A Patriot’s Story

By Lisa Schmelz | Photo Courtesy of the Avedisian Family

What do Lake Geneva and the Statue of Liberty have in common? Armen Avedisian, a first-generation Armenian-American, who paved thousands of miles of roadway in Illinois, owned a bank in Lake Geneva, and was tapped by President Ronald Reagan to chair the commission for the restoration and preservation of the Statue of Liberty and Ellis Island.

A successful entrepreneur and longtime summer resident on Geneva Lake’s south shore, Avedisian’s quarries and patents made him millions. He retired at 49, but not really. When Citizens National Bank in his beloved Lake Geneva became available in 1980, he purchased it. Today, his legacy is an enduring testament to the power of the immigrant story — a story of first-generation Americans, who realize their grandest fortune is the freedom to succeed or fail as spectacularly as they wish.

For Avedisian, the choice was always clear: He would succeed.

“He had a burning desire to be an entrepreneur,” said his son, Guy Avedisian, in a Nov. 23, 2000, Chicago Tribune obituary about his father. “He believed very strongly in someone owning a business. He thought that one of the greatest things about this country was to be an individual entrepreneur.”

Committed to the American dream, owning a bank was a labor of love for Avedisian, says Lake Geneva resident Roger O’Neill, a longtime friend of Avdesian and his wife, Dorothy. “He was good for the town because he had access to the local businessmen, and he knew them, and he knew the area and he knew what they were facing,” says O’Neill.

Today his children recall a father for whom money was not the greatest treasure.

“He’d update his resume and bio frequently, and one-third of it was dedicated to his kids. He had a lot of pride in his kids,” recalls son Vann, a private equity consultant. “He was very accomplished in business and civics, and yet, his children were front and center.”


That his own three children were front and center may have been as much parental instinct as it was gratitude for the chance to raise them on free soil. His own parents, and his first wife Dorothy Donian’s parents, came to America as refugees. Fleeing the Armenian genocide, the systematic slaughter of as many as 1.5 million Armenians by the Turks of the Ottoman Empire, their escapes were harrowing.

“I don’t know much about the journey of my father’s father here to the U.S., but my father’s mother, I know survived the Armenian genocide. Her family was all killed. She got diphtheria and was in Aleppo in an orphanage. Her picture appeared in an advertisement in a magazine in Detroit, for the Detroit area, and a relative saw her photo, and it was asking for money, of course, and they saw her, and recognized her, and that’s how she came to the U.S,” explains daughter, Donna, who resides in Portland today.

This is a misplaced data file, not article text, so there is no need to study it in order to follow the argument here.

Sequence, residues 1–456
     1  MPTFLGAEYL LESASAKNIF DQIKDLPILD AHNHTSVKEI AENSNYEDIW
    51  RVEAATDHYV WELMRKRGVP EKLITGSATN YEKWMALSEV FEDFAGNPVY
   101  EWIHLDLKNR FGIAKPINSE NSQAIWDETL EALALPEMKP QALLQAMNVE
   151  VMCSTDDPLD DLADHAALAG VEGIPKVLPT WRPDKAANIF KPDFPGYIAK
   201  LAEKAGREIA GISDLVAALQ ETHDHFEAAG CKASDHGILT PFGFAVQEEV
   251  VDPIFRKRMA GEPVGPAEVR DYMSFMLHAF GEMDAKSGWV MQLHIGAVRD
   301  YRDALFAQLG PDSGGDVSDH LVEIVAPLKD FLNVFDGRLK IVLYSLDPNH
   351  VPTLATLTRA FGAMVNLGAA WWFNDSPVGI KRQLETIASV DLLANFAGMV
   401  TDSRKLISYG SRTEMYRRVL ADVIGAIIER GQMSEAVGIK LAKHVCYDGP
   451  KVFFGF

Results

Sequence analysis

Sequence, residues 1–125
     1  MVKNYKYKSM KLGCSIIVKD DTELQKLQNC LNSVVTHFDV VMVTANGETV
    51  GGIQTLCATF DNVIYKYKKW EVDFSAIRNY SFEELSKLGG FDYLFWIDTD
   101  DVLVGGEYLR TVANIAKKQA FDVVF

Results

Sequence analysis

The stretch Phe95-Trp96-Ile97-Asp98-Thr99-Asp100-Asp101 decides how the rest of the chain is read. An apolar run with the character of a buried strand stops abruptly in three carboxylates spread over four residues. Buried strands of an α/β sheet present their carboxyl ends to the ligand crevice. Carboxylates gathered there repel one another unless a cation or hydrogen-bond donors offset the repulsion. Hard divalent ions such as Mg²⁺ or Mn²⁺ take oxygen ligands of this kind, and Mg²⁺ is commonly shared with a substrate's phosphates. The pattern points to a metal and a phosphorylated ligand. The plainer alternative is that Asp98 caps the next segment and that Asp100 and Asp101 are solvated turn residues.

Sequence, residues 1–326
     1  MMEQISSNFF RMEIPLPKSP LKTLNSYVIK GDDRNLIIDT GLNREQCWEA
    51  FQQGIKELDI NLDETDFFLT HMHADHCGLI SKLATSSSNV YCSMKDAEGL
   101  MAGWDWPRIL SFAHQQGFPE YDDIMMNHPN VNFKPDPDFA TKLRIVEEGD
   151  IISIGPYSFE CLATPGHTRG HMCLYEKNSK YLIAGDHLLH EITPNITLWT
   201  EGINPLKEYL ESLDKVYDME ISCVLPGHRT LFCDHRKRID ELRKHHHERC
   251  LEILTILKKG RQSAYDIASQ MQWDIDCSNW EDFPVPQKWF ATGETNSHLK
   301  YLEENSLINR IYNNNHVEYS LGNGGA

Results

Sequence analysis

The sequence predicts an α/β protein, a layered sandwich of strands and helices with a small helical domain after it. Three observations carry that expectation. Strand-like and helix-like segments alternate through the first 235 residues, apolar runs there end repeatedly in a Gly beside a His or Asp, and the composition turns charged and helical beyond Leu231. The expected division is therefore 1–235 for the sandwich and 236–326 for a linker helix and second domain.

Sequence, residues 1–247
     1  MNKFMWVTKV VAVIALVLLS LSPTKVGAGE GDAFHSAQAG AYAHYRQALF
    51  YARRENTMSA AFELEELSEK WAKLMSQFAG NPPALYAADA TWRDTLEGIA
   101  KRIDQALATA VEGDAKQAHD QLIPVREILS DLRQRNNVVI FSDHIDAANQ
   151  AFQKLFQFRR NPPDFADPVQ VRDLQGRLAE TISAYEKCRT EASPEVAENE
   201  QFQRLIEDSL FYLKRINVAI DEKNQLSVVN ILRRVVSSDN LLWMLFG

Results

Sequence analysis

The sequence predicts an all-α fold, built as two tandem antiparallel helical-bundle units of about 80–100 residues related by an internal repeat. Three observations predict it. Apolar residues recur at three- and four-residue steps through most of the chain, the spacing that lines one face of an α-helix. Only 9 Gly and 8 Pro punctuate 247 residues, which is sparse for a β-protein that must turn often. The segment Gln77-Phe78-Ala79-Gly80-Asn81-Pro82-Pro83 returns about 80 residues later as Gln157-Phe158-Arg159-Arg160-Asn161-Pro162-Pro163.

What role do the Avedisian children think their grandparents’ experiences in the genocide played in their father’s life? “We’re all products of our parents and their experiences,” reflects Vann. “And it’s hard to really know, when you escape something like that, how it would shape you. My guess is that it was pretty important for Dad to work hard and be studious and be goal-oriented, which he was.”


Armen Avedisian was a first-generation American, who grew up in Elmhurst, Illinois. His immigrant father was a civil engineer with the State of Illinois. Avedisian received an engineering degree in 1949 from the University of Illinois at Urbana-Champaign. Following his graduation, he worked as an asphalt and paving superintendent. Just a few years later, he was working for a rival firm as their vice president. Before he was 30, he had his own company, Lincoln Stone Quarry Inc. in Joliet.

In 1952, he would marry his first wife, Dorothy Donian. (They divorced in 1996.) By the late 1950s, Avedisian owned his own road construction company. By 1976, he was the chairman of the board, chief executive officer, and sole stockholder of Avedisian Industries, a holding of six corporations centered in the quarrying and heavy construction industries. In 1979 he sold his companies, and a crucial patent to Commonwealth Edison. Not even a year later, though, he needed something to do. Always on the prowl for a good investment, Avedisian, also a globally renowned backgammon player, purchased Citizens National Bank in Lake Geneva and its $25 million in assets.

“He was very driven,” recalls Donna. “Once he retired from the business of road building and owning quarries and mining limestone, he got advice from a member of the Chicago business community that he shouldn’t retire and should look into some options. Suggestions were made on what to look at, and they heard of the bank in Lake Geneva being for sale.”

Helping other entrepreneurs also appealed to him. In a 1986 Lake Geneva Regional News story, a friend offered this on Avedisian’s motives for banking: “He wanted to help people,” recalled the friend, John Elasarian, a Lake Geneva restaurant manager. “When he was young and had ambitious ideas, he went to banks to borrow money, and in many cases, he was turned down.”